ARCHIVED - Telecom - Commission Letter - 8638-C12-73/02 - TELUS Service Improvement Plan - 2003 Forecast Tracking Report

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Our File: 8638-C12-73/02

Ottawa, 28 May 2003


Mr. Deo Mathura
Director - Regulatory Affairs
TELUS Communications Inc.
Floor 21
10020 100 Street NW
Edmonton, Alberta
T5J 0N5

Dear Mr. Mathura:

Re: TELUS Service Improvement Plan - 2003 Forecast Tracking Report

On 16 April 2003, pursuant to Regulatory framework for second price cap period, Telecom Decision CRTC 2002-34, 30 May 2002 (Decision 2002-34), TELUS Communications Inc. (TELUS) filed with the Commission a 2003 forecast service improvement plan (SIP) tracking report, which forecasts the company's SIP performance for the year 2003, given that TELUS did not commence its SIP in 2002.  On 14 May 2003, TELUS filed a revised version of this report.

Commission staff requires additional information and is issuing the attached interrogatories.  TELUS is requested to file responses to these interrogatories within 21 days from the date of this letter.

Where a document is to be filed or served by a specific date, the document should be actually received, not merely sent, by that date.

Yours sincerely,


Scott Hutton
Director - Contribution and Costing
(819) 997-4573

attachment: interrogatories

c.c.  Hugh Thompson, CRTC, (819) 953-6081

Attachment:   TELUS Interrogatories


1.         Refer to the responses to interrogatories TELUS(CRTC)27Apr01-611 PC, TELUS(CRTC)26Jun01-1601 PC and Telesat(CRTC)31Aug01-3600 (b) PC filed in the proceeding leading to Decision 2002-34.  In its 2002 tracking report, TELUS did not indicate whether it had been unable to find lower cost options than those outlined in the proceeding that led to Decision 2002-34 to provide toll-free Internet access.  Indicate whether TELUS has ruled out the possibility of reselling direct-to-home (DTH) satellite data transmission via Bell ExpressVu, Telesat Anik F2 (in 2003), or some other DTH provider for the provision of toll-free Internet access.  If so, indicate why.  If not, provide a detailed description of the company's technical and costing research.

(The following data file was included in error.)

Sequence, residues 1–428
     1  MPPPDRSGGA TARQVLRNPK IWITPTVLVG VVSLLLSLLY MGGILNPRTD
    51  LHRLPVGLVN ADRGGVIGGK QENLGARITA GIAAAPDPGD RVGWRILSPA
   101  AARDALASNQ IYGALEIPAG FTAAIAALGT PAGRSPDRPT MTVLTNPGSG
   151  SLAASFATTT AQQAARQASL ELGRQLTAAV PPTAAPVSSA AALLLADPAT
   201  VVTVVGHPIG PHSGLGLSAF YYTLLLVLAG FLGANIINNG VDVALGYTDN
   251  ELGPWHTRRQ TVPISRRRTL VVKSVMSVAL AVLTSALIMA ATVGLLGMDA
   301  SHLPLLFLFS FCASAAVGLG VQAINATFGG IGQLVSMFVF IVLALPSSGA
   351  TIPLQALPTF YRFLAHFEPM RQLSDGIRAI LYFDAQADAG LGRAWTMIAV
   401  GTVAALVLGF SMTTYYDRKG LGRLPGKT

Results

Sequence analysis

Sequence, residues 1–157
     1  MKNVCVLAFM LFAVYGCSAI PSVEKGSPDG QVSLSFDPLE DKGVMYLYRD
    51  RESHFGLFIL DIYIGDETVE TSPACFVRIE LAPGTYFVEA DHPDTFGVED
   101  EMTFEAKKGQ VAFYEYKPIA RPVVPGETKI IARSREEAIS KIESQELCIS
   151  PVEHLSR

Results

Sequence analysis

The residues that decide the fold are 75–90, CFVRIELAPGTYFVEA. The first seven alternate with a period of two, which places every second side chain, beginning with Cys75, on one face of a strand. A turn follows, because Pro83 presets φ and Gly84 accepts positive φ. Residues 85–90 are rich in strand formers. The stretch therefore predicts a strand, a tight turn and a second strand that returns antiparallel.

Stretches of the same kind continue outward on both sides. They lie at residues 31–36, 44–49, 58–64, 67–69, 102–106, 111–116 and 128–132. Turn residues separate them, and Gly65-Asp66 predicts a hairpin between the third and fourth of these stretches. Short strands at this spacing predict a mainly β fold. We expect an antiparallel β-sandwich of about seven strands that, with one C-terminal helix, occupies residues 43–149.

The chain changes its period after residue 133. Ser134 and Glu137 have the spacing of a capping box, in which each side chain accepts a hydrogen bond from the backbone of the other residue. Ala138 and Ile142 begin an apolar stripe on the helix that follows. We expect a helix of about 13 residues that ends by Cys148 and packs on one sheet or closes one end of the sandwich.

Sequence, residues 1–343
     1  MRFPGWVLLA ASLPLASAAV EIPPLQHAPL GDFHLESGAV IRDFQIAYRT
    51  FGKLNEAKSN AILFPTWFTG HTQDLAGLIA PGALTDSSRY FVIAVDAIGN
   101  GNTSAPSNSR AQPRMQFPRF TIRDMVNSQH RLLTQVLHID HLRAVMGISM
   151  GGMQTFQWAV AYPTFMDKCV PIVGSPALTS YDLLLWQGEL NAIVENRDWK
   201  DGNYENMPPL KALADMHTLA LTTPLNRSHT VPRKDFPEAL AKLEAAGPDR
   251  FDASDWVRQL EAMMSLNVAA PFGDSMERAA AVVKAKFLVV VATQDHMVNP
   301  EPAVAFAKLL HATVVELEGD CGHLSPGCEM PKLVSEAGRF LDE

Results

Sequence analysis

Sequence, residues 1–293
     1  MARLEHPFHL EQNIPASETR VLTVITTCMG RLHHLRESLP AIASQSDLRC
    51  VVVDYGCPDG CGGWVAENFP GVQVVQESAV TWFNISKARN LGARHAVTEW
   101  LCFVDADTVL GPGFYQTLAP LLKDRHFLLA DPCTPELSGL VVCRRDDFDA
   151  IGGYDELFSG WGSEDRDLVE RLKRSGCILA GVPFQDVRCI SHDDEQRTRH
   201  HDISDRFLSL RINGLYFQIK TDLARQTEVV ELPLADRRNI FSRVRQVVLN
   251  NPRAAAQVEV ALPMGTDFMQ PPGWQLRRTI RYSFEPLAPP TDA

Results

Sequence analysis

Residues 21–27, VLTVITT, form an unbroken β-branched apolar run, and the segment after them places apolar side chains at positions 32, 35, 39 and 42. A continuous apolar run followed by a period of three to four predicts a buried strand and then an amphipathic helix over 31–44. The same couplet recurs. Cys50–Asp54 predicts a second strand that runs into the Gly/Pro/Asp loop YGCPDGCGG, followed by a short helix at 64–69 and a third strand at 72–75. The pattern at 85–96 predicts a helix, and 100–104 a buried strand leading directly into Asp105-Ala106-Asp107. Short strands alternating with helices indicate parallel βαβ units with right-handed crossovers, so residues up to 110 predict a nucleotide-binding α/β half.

2.         The U.S. Federal Communications Commission (FCC) has endorsed new technology that provides Internet access over power company wires and stated that the agency will begin examining this service in April 2003.  The FCC stated that this could mean a third major broadband pipe into the home after telephone and cable-television lines.  Assuming that this broadband technology is found to be viable and cost-effective in the U.S., discuss the advantages and disadavantages of a partnership between Canadian telephone companies and Canadian power companies to use this type of technology to provide toll-free Internet access to telephone subscribers in SIP underserved areas where current telephone company technolgy is cost-prohibitive.  Also, discuss the advantages and disadvantages of using narrowband technology over power lines if such technology is currently available in the marketplace.


3.         At paragraph 913 of Decision 2002-34, the Commission noted that if there is no Internet service provider (ISP) providing toll-free Internet access to the remaining exchanges where thus far no ISP has chosen to locate by the first quarter of 2003, it will consider whether the incumbent local exchange carriers' obligation to serve includes an obligation to provide toll-free access to the Internet.  Taking into account the answers provided to interrogatories 1-2 above, provide your views as to whether or not the Commission should consider this obligation at this time, indicating the advantages and disadvantages.  If this is not an appropriate time, indicate what time would be appropriate and why.


4.         At paragraphs 920-925 of Decision 2002-34, the Commission set out the specification for the annual SIP tracking report that it directed Aliant Telecom Inc., Bell Canada, Saskatchewan Telecommunications Inc., and TELUS to adopt.  It appears that TELUS has omitted several items from its tracking report as set out below.  Provide the following data as required.

a)      the number and location of new customers requesting service;


b)      the number of customers whose past requests have been reassessed and now qualify for service;

c)      the number of customers requesting service who do not qualify because of cost;

d)      the number of customers who have been offered service but refused because of cost; and

e)      the status of a new plan to service residents in those remaining exchanges that currently do not have access to the Internet via a local call, using new or alternative technologies.

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